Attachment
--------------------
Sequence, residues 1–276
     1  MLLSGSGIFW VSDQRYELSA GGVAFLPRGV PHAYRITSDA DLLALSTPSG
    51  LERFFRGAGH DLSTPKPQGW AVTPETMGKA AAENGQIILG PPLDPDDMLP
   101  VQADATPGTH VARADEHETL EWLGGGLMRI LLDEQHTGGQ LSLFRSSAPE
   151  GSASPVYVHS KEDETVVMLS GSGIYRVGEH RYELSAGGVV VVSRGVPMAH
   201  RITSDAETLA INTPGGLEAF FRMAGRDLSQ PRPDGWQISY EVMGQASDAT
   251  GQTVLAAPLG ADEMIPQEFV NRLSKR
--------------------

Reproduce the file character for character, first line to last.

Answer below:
Sequence, residues 1–276
     1  MLLSGSGIFW VSDQRYELSA GGVAFLPRGV PHAYRITSDA DLLALSTPSG
    51  LERFFRGAGH DLSTPKPQGW AVTPETMGKA AAENGQIILG PPLDPDDMLP
   101  VQADATPGTH VARADEHETL EWLGGGLMRI LLDEQHTGGQ LSLFRSSAPE
   151  GSASPVYVHS KEDETVVMLS GSGIYRVGEH RYELSAGGVV VVSRGVPMAH
   201  RITSDAETLA INTPGGLEAF FRMAGRDLSQ PRPDGWQISY EVMGQASDAT
   251  GQTVLAAPLG ADEMIPQEFV NRLSKR